Even as 2013 slowly disappears into the mists of time, it's worth recalling one event that could yet be a pivotal moment in India's political history. On December 8th, the Aam Aadmi Party (AAP), contesting its first elections since being founded in November 2012, won 28 seats- 8 short of an outright majority. The ruling Congress party (still in power at the Centre) was wiped out, but ended up providing outside support for an AAP-led government. It was a stunning, entirely unforeseen result, but it may well be just the beginning.
Sometimes a moment gives rise to an individual, and sometimes an individual creates a moment. In either case, the stars align and something special takes shape. Pope Francis came along at a time when the Catholic Church appeared to be at its lowest ebb, and his impact was instant. Similarly, the AAP and Arvind Kejriwal entered the scene just as the sad, final acts of arguably India’s most corrupt administration were playing out.
The AAP has a number of things going for it- an incumbent government that is now almost fully consumed by its own incompetence and hubris, an enigmatic and charismatic leader, and the tag of underdog (who doesn't love an underdog?) These factors will never exist in unison again. Add to this mix the feeling, however fleeting, that the AAP represents a once-in-a-generation chance to rewrite India's history, and you have near-unstoppable momentum on your hands.
The Aam Aadmi (literal translation: mango people, but also means ‘common man’; welcome to complex, multi-faceted India!) is a broad category of people that includes not just the nearly 70 per cent of the population that live outside of India’s cities, but also the world's largest middle class. I'm no expert on electoral processes, but I’m guessing if you're a political outfit that has even part of this demographic on your side, you'll win an election every time.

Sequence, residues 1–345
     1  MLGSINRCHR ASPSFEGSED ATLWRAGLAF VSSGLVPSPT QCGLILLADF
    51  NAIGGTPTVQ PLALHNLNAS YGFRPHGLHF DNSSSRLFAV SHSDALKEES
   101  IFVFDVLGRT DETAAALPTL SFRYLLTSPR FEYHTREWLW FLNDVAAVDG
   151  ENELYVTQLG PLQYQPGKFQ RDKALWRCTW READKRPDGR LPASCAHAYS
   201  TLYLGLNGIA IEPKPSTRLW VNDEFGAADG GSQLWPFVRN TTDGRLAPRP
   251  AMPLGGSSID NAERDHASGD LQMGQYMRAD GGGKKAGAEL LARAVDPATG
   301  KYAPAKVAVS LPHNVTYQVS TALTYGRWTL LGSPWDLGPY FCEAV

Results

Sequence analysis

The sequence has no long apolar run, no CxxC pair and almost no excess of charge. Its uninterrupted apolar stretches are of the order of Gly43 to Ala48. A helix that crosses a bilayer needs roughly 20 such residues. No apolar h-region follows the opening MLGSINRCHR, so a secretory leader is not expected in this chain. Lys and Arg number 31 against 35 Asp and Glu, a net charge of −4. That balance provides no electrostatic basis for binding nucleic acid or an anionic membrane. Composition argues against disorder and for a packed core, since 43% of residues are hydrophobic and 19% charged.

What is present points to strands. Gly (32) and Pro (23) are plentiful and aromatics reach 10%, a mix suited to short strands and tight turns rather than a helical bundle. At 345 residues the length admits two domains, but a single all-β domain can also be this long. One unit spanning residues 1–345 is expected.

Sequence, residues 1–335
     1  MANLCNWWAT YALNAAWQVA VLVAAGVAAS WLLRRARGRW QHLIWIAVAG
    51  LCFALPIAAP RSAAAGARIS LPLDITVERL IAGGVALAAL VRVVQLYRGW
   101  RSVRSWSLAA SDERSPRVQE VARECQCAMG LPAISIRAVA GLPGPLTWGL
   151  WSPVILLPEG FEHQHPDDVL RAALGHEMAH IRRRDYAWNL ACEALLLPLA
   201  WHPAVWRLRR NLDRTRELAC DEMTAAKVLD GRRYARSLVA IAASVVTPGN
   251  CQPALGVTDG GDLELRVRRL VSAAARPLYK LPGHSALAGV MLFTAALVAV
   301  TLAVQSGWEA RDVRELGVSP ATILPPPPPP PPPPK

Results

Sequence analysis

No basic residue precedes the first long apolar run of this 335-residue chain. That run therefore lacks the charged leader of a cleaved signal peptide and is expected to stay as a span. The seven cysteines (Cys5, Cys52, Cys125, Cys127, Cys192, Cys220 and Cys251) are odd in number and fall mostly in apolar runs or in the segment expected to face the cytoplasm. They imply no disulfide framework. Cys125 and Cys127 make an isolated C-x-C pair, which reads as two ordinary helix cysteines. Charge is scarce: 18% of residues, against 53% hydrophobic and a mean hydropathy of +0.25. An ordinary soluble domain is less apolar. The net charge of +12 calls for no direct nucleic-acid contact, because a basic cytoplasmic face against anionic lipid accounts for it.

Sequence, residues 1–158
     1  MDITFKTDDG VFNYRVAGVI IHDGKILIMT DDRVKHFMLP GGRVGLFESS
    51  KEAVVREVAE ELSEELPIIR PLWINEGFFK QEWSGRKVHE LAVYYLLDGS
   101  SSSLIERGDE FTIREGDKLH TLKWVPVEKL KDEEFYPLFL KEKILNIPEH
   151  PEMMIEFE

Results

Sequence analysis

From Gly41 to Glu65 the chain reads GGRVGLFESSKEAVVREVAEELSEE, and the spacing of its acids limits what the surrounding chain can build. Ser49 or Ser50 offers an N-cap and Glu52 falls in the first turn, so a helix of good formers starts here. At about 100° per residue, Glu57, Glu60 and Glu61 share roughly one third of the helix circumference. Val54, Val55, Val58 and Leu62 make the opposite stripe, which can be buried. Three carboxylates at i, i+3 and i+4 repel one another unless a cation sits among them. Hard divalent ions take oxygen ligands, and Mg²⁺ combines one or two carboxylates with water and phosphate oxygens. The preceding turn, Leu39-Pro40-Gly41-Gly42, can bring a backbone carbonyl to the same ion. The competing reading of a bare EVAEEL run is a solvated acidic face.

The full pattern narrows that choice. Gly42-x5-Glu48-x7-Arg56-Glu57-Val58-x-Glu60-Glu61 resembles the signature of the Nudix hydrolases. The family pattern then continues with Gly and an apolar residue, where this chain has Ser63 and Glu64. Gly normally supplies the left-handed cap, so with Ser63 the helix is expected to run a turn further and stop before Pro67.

Suddenly, there is not just a negative feeling of anti-incumbency, but a positive feeling of optimism. Significantly, it is an optimism tempered by reality. The party has gone to great lengths to emphasise both its lack of experience and resources in its bid to take on the two major national parties, the Congress and Bharatiya Janata Party (BJP). It is the quintessential David vs Goliath scenario, except there are two Goliaths and so David appears twice as small. AAP’s genius lies in taking these apparent weaknesses and turning them into strengths, even virtues. And so, Arvind Kejriwal, a man who officially entered politics just over a year ago, is Chief Minister of a region at the very heart of India's power centre. Make no mistake, it is a journey of epic proportions, one that rivals Obama's journey to the White House.
When you make your personal integrity and character an integral part of your politics, your survival is inextricably linked to your own actions. In a sense, this is Kejriwal's appeal. For a common man, he has displayed uncommon political nous. In between the grandstanding and soaring rhetoric, he has reset the political debate, changed both the music and the lyrics. That in itself is huge.
It is a sign of how far politics in India has fallen that a leader who presents himself as a public servant is seen as radical. Arvind Kejriwal has brought ideals and a fresh perspective to a political discourse that for too long has suffered from a poverty of both. He does not have all the answers, and there will no doubt be some mis-steps along the way. But the beauty of a vision for a better reality is that every once in a while it can be a self-fulfilling prophesy. The winds of change, usually no more than a soft evening breeze, are now blowing like a hurricane across the country, bringing with it an ineffable feeling of hope.
Editor’s note: Over the next few weeks and months, this blog will attempt to chart the key developments in the run-up to the polls in April-May. Whatever the outcome, it's guaranteed to be an interesting ride.
I hope you will join me.